What I Hope My Son Learned at Our Family's First Food Allergy Awareness Walk


My family and I participated in our first FARE Walk for Food Allergies last fall. It took place at the beautiful Oatlands Plantation, located in Leesburg, Va.

My 4-year-old son was diagnosed with life-threatening food allergies on Christmas Eve 2014. I asked some friends for advice and turned to the Internet to learn more information. The Food Allergy Research & Education (FARE) website was one of the first places I found, and I still count on them for important information and daily updates. So when I heard there was a FARE Walk for Food Allergies, I signed my family up immediately. I was excited to support their event, and to show my son how many others have food allergies, and how many others care.

I want to show him that he can be a strong, vital person and still have food allergies. I also want to show my children how important it is to support this cause and try to make a difference.

When we arrived at the FARE walk, it was cold and a little damp. But that feeling was quickly diminished by all of the love and hope I felt in the sea of participants. Hundreds of families and friends gathered, and hundreds more supported them through their generous donations. I said to my son, “Do you see all these people?” He looked around and nodded his head yes. I then told him, “Most of them have food allergies just like you. You are not the only one, and you will never be alone. You have their support, and you have the support of everyone who loves you. And that will never change.” I don’t know how much of his 4-year-old brain grasped what I was saying, but I will repeat it like a broken record for the rest of my life.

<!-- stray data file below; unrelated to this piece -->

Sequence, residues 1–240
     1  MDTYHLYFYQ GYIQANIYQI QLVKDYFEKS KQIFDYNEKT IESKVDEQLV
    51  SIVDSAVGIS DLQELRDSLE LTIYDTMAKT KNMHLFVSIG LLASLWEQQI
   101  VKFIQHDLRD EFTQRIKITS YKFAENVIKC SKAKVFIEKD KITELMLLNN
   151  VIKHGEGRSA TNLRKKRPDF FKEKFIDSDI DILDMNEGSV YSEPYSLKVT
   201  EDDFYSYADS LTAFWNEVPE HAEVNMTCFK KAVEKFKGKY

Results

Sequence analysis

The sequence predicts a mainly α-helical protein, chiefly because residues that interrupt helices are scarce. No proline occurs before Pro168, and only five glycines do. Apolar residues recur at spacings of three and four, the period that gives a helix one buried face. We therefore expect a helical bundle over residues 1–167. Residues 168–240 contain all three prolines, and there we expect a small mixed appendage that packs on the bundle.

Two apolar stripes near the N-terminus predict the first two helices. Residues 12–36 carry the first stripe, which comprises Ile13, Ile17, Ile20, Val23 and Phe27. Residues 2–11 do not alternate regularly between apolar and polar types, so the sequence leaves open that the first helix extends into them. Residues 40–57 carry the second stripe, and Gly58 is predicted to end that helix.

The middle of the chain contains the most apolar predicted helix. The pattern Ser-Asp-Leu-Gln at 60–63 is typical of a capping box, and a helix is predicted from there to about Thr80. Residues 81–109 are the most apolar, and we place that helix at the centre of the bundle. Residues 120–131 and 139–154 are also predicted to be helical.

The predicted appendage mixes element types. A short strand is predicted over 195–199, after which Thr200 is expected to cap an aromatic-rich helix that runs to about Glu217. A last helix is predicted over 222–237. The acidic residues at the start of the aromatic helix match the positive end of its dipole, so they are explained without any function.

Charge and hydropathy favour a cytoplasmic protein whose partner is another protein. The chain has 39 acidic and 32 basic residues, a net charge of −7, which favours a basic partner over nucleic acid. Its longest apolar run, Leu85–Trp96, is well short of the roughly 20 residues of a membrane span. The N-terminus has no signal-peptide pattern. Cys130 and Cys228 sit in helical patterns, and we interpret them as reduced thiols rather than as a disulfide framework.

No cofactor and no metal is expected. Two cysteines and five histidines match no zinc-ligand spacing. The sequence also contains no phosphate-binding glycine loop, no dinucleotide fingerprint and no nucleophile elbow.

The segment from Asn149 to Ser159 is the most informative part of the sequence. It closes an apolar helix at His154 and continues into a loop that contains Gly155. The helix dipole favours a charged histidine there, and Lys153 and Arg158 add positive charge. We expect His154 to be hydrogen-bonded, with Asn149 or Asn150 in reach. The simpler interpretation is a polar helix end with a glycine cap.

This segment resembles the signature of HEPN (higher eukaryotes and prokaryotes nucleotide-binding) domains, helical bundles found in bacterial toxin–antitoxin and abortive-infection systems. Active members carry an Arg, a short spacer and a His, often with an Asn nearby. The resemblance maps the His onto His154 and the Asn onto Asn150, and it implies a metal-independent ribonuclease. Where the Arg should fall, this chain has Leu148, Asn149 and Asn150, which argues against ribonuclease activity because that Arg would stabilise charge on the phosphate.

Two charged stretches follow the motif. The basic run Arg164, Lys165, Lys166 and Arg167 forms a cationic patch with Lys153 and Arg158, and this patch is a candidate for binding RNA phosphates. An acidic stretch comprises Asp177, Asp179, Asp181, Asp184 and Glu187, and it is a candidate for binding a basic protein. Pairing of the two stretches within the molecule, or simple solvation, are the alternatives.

I think I was the most excited about the walk beforehand, but when we got there, that all changed. It was very well organized, there was a DJ playing, and many booths set up all over with information and/or allergen free food samples. We were even given a few nice t-shirts. A highlight was Mike the Magician who performed after the walk! My kids loved him. He was very funny and entertaining. Another highlight was painting teal pumpkins. The Teal Pumpkin Project is run by FARE and spreads awareness of food allergies during the Halloween season. Teal is the color chosen to represent food allergies.

You may face a long, tough road when you have food allergies. Sometimes you may feel like doors and windows are closing on you. But there is a lot of help and information out there. There is a lot of support. Many of us know what it is like to walk a mile in your shoes, and those of us who don’t will walk by your side and try to figure it all out.

Every cause out there is important. Every participant will walk or run until a cure is found or awareness is spread. They will leave no stone unturned, no path untread. These walks bring us together; they spread joy and provide us with hope. They lead us towards a brighter place — a place where everyone knows about food allergies and other disabilities, and where everyone accepts people who have them.

We became a team the day my son was diagnosed with food allergies. Team Nuts About My Son. But all of us are a part of a team. It’s called the human race. Let’s come together and share in each others’ hopes and dreams. Then perhaps the road will not seem so long, because we will walk that extra mile… together.

The Soppet family at FARE walk -- mother, father, boy and girl outside.
The Soppet family at FARE walk.

We must walk this road together,
in each others’ shoes;
to try to figure out,
what we must do.

For in the end all that matters,
is the love and happiness of a child;
and for that our shoes will continue,
to walk that extra mile.

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